This morning the sun came out again and I knew I should try to actually ride my bike further than the end of the cul de sac before I forget how to clip in. I dropped Paige off at my friend's house and donned all my official cycling gear: helmet, ski-boot cycling shoes, and running shorts. (I definitely need some of those padded cycling shorts.) Got my bike down and started the self-help talk. Out loud. "Okay, don't slip and fall on the garage floor. Those shoes are slippery. Careful now. Okay. Try to clip in...." I took at least ten practice circles in the cul de sac, stopping and starting. Clip in. Clip out. Start. Stop. Do it again. I finally ventured out of the neighborhood, flew down the steep hill and unclipped in time to stop and look for cars. Clipped back in but forgot about gearing to get up the hill by the golf course. I freaked out and instead of trying to remember what side I needed to push to shift down, I unclipped and bailed off my bike. But I forgot that my fancy shoes are slippery and have pegs in the bottom which eliminates pushing your bike up a hill without grave danger of falling. All the golfers were staring at me in my obviously new (cause it's still shiny) gear tip-toeing gingerly up this baby hill pushing my road bike. Can you say embarrassing?

I managed to get back on and start the pep talk again, but this time I had to focus on gears. Which side worked which set of gears and did I push the button down or over to get it to move up and down. It's so confusing especially for someone who scored 20% on the mechanical portion of the skills test you take in high school. Right about the time I realized all the gadgets on the right side worked the back set of gears, I saw a stop sign. "Oh no. I have to unclip and stop and not crash."

And then I had to turn left. But I never ride a bike. I always run. Against traffic and use the cross walks to make turns. I must have sat at that intersection for five minutes trying to remember how I've seen bikers make turns. Do they do it like a car? Or like a runner where they cross, stop and re-cross the other direction? I was only a mile from the gym, so I rode there and asked someone how to make a left turn on a bike. I wish I was exaggerating or joking, but I'm completely serious. Can you say humbling? I practiced more clipping in and out in the parking lot and FINALLY (now 30 minutes later) set out on the highway to risk my life on my first real bike ride.

There I was, pedaling down a busy highway talking to myself and concentrating ferociously on not falling, staying on the shoulder and off the actual road, figuring out the gears, and worrying about left-turns and clipping in and out. I made two successful left turns without getting killed, made some progress on figuring out the gears, and clipped in and out at several stop signs and road crossings. All in all, I rode 20 miles without crashing, turning illegally or getting killed and I consider that great progress. Whether or not I'll actually love cycling like I love running is still up for debate. I'm just glad I lived to see another day.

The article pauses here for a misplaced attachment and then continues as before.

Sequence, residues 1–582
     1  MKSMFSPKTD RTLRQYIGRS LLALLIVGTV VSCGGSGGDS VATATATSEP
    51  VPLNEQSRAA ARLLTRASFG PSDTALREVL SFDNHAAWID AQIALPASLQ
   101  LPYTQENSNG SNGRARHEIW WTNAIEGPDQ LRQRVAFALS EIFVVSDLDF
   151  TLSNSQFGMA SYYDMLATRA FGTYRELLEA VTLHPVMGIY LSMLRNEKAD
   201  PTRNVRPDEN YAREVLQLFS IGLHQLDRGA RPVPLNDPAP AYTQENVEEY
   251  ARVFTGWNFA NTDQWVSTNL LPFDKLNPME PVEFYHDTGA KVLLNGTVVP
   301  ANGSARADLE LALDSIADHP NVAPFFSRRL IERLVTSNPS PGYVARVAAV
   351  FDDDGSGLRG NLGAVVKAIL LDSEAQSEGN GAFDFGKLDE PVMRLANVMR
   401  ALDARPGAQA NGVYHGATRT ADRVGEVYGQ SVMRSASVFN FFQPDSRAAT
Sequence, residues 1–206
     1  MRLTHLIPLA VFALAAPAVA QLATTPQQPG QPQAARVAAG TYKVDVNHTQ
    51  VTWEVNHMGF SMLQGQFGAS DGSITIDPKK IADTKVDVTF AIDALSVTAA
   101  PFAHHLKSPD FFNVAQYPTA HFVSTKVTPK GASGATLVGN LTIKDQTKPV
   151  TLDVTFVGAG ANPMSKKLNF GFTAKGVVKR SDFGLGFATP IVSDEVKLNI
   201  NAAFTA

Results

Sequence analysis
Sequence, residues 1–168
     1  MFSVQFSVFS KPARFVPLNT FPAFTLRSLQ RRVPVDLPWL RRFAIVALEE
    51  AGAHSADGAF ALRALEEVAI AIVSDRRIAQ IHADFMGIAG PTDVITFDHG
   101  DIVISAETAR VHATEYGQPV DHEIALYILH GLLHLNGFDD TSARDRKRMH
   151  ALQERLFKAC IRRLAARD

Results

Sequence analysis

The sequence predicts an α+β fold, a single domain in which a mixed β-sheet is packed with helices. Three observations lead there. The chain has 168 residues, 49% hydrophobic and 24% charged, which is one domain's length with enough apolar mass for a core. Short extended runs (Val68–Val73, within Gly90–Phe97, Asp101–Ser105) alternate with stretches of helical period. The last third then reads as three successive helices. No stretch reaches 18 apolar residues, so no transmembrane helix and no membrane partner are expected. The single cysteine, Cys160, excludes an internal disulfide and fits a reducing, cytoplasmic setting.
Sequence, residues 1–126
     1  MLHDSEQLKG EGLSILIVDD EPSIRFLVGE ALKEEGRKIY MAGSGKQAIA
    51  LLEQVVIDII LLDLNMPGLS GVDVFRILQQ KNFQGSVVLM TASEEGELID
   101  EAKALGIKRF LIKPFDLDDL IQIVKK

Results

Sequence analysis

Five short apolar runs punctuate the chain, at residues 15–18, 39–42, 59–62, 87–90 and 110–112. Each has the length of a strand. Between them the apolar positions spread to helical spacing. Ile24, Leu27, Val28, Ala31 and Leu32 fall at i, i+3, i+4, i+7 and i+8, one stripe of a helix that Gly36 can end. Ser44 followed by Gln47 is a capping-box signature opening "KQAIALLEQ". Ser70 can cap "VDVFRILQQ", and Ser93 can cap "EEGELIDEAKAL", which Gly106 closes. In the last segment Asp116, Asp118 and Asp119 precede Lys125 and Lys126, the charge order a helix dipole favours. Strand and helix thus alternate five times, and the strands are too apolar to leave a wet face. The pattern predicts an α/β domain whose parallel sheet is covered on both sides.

Sunday, June 6, 2010

Of Dogs and Kids...


I like dogs, but I don't love having them in my house because they are dirty and messy and hairy and I like things neat, tidy and hair-free. We had a dog when we were newly married and pet ownership wasn't a good fit for me. I was overrun by babies and adding one more permanent toddler that never grows up to the mix was too much for me to handle. When we decided to get Dusty, our current dog, it was a big decision for me and one I didn't make lightly. She stole our hearts immediately and her adorable face has gotten her out of a lot of trouble in the past two years... She just might be the best dog on the face of the earth, or at least the best dog on the face of the earth for our family.

I have my days where as Boston Rob from Survivor would say, "I have a case of cry-baby-itis" and whine and complain about how much work Dusty generates and how sick and tired I am of being the only one who picks up poop blah blah blah, but in reality, I love Dusty. She brings so much fun, joy and entertainment to our family and it's hard to remember what life was like before we adopted her.

We're a guardian home for our breeder, Springcreek Labradoodles (scroll down to see Dusty's profile) and we were all waiting with baited breath for her to have a heat cycle so she could start her breeding days. Of course because Curt's gone and it's my turn to "check for signs of heat" she came into heat yesterday. So on this rainy Sunday, the kids, Dusty and I piled into the van after church and made the trek to Pleasant Hill (doesn't that sound inviting?), Oregon, to drop her off.